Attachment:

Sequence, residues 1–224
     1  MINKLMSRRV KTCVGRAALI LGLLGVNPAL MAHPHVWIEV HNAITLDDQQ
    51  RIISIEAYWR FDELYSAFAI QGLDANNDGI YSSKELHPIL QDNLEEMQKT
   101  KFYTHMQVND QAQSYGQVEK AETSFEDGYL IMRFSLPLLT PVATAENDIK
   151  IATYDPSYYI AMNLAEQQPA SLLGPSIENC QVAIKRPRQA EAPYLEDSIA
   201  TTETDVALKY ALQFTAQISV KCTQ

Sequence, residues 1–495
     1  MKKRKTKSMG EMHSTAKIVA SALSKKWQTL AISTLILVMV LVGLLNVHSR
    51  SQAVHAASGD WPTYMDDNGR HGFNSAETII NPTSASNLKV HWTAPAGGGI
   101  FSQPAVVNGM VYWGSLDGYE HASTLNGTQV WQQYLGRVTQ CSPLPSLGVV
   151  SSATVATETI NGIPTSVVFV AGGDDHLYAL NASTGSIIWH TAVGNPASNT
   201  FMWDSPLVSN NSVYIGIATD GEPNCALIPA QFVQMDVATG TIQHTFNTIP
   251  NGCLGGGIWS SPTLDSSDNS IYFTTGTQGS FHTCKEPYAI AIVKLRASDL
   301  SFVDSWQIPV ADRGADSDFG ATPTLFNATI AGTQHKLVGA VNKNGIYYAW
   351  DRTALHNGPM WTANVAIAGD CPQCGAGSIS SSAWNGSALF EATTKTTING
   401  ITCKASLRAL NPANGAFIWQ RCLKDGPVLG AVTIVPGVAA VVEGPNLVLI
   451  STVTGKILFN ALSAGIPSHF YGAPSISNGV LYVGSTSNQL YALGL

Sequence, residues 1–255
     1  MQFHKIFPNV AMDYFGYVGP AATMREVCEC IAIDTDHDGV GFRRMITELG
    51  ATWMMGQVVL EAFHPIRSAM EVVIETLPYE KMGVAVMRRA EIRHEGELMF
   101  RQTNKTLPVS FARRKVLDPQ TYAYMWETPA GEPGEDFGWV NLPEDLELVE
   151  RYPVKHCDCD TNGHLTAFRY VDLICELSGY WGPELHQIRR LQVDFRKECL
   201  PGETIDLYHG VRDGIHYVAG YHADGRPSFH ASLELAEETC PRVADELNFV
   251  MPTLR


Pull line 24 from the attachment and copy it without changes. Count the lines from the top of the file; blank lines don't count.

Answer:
   251  MPTLR